Sabrina Siegel | Grace/Precarious

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Avant Garde: Free Improvisation Avant Garde: Experimental Moods: Type: Improvisational
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Grace/Precarious

by Sabrina Siegel

The debut Pax release from Sabrina Siegel, "Grace/Precarious" is her fifth CD of solo improvised music. An exploration through electric guitar, voice, and cello. An extremely raw, visceral, and unique expression.
Genre: Avant Garde: Free Improvisation
Release Date: 

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1. Yom Kippur
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8:30 $0.99
2. the body moving
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4:08 $0.99
3. after your voice
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1:44 $0.99
4. drop bow down cello
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4:04 $0.99
5. i will trust you
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4:59 $0.99
6. i am the bow
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3:09 $0.99
7. ring
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3:07 $0.99
8. Fire
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1:49 $0.99
9. big electric rose
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9:15 $0.99
10. KAVANAH
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4:41 $0.99
11. heavy pigeon
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12. i killed the chicken
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13. light
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ABOUT THIS ALBUM


Album Notes
The debut Pax release from Sabrina Siegel, "Grace/Precarious" is her fifth CD of solo improvised music. An exploration through electric guitar, voice, and cello. It involves precarious situations for art making, such as playing the electric guitar and strings with rocks in her hands. Evoking nature and operations of nature, and the partially uncontrollable: as a medium, a musical ear. An extremely raw, visceral, and unique expression, with a natural sense of time and musical structure, one hears this living experiment/"music" of electric guitar and cello sounds like we’ve never heard before.

Artist statement:
"More than executing notes or rhythms or melody, a song or a piece of music to me is a field for being--for direct living, feeling, breathing, and expressing in the moment; for sinking deeply, or flying highly into self/Self; or just maintaining our balance--which may reveal a simple beauty or truth. And like life, one rides the waves of grace and the precarious--in this existence, the better we watch and
listen, the easier and more potent our flight."

Bio:
Sabrina Siegel was raised in New York and later Santa Monica, California. She received her MFA from the University of Oregon and now resides in Eugene, Oregon. Sabrina's multi-disciplinary work includes Photography, Performance, and Video Installation Arts along with a background in classical voice and flute from childhood. Aside from her solo work, she has performed with Eugene Opera, SIECOX, Onomatopoeia, and other experimental ensembles. She explores improvised composition exclusively and has created fifteen CDs of improvised music.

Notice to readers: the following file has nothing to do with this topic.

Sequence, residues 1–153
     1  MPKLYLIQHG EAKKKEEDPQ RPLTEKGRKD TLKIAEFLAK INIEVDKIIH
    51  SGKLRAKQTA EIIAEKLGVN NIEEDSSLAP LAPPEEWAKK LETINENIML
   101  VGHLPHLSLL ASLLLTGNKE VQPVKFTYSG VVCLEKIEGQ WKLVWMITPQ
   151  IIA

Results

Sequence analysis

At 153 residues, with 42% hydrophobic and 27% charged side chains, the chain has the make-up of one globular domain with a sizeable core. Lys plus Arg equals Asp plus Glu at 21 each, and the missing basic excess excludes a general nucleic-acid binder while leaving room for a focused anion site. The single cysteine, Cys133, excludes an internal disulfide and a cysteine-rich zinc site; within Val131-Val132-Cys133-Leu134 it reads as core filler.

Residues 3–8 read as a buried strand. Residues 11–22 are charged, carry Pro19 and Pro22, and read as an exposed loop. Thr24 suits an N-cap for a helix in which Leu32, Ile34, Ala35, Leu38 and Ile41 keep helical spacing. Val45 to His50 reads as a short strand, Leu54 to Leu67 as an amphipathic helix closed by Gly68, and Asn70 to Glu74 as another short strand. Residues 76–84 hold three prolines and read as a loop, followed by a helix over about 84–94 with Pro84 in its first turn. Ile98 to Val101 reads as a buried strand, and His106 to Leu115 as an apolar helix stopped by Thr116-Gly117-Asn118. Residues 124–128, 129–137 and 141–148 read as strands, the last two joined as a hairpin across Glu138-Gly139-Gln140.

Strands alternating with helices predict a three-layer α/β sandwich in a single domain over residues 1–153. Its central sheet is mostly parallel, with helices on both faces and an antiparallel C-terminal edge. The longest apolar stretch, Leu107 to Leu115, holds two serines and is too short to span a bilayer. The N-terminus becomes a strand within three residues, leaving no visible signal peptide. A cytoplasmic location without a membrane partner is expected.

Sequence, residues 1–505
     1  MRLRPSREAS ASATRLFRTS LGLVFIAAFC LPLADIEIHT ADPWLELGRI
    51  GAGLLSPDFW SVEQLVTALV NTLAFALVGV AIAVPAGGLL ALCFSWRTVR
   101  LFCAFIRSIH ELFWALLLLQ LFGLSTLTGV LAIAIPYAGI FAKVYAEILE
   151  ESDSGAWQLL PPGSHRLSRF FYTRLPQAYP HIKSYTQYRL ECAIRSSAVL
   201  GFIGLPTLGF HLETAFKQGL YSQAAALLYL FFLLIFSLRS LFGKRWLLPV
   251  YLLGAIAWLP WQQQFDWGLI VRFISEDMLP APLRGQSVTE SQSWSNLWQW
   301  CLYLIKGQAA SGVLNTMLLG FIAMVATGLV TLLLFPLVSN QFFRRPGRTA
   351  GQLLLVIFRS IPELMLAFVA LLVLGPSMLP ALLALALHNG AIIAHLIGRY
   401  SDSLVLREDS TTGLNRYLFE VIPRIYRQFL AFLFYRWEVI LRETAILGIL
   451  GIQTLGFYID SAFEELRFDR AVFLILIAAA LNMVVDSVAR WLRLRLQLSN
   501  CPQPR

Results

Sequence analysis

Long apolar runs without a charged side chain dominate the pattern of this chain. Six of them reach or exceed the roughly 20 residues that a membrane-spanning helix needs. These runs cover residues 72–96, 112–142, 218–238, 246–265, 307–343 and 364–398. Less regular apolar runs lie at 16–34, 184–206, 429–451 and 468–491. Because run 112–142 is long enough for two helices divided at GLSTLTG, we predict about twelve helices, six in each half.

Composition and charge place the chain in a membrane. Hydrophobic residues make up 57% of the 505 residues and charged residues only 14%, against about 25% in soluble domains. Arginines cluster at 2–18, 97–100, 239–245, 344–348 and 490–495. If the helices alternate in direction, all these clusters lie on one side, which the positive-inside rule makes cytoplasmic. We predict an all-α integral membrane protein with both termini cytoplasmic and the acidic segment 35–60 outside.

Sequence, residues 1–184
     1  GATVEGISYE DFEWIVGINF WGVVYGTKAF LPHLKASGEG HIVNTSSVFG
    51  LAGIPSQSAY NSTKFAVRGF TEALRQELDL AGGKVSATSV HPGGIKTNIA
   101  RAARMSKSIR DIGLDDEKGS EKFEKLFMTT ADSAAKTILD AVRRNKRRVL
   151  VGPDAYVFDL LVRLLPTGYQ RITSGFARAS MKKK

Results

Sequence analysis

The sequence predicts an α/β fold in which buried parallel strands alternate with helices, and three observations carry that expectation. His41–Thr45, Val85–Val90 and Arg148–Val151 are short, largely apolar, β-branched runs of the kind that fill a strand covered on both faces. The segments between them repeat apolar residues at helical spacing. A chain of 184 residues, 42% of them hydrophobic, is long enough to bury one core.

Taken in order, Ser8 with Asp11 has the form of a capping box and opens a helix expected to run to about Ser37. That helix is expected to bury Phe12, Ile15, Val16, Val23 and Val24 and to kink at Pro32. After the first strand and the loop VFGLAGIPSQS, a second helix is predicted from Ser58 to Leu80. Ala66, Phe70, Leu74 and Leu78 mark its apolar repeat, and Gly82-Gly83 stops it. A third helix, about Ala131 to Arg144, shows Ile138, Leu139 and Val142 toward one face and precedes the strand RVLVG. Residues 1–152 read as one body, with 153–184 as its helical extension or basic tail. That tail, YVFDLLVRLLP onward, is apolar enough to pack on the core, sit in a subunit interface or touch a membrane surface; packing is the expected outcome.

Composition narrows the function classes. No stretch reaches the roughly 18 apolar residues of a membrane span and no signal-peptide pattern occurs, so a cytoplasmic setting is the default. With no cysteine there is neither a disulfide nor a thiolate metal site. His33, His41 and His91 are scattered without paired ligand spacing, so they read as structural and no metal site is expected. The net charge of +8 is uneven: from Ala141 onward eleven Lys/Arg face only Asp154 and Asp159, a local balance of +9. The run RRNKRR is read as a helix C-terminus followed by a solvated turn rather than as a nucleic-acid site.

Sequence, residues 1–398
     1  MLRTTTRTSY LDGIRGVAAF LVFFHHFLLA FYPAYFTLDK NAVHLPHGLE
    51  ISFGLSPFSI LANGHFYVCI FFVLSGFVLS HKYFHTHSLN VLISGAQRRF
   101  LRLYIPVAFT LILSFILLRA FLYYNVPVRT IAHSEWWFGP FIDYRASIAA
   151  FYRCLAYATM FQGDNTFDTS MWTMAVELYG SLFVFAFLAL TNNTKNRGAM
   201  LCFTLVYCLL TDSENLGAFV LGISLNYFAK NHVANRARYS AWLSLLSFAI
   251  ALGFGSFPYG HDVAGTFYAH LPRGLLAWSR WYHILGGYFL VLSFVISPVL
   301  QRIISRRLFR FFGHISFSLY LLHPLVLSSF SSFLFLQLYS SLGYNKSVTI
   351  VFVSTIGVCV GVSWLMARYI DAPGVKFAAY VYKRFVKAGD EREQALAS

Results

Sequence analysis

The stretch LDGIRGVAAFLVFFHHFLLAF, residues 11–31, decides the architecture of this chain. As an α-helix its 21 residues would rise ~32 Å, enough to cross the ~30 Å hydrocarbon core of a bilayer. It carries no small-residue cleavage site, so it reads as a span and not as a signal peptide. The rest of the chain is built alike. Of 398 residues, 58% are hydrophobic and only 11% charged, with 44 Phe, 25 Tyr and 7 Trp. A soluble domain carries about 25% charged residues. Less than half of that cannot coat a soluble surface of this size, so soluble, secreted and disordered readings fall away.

Reviews


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STARTLING MONIKER

I've really been enjoying the highly sensual feel of this album.................
The “Precarious” portion of the title seems apt– this is gingerly-balanced music, seemingly about to fall apart at any time. I’ve really been enjoying the highly sensual feel of this album; it is incredibly easy for the listener to imagine a tactile connection to the sounds recorded here.

Stacey Sewell, furthernoise.org

new dimensions will continually emerge!
Grace/Precarious is the fifth solo recording of improvised compositions from multi-disciplinary artist and musician Sabrina Siegel. Featuring cello, electric guitar and voice, the physicality of playing a musical instrument is the driving force behind Siegel’s improvisations. Each composition draws on the circumstances (physical, spatial, emotional, sensual) of its creation to reach a fine balance of grace and precariousness:

‘In the relationship of grace to the precarious / in the moment unknown, a space for an event of the body, the sprit … / the precipitate of living urges .. Of forces in the timing of nature - in a body and out of the time/space of a sexual surge, a breath, a smile, the handling of a rock, a chair, a bow / what will be envisioned, felt, experienced?’

While Siegel doesn’t elaborate on the exact processes she uses to create Grace/Precarious (there is, for me, a disappointing lack of sleeve notes), in tracks such as Drop Bow Down Cello the percussive and wooden sonic materials tempt the listener to take the title literally. A number of tracks betray not just the body of their creator but also the spaces they were created in, from the lingering resonances in Yom Kippur to the more obvious crackling of the flames in the hearth in Fire.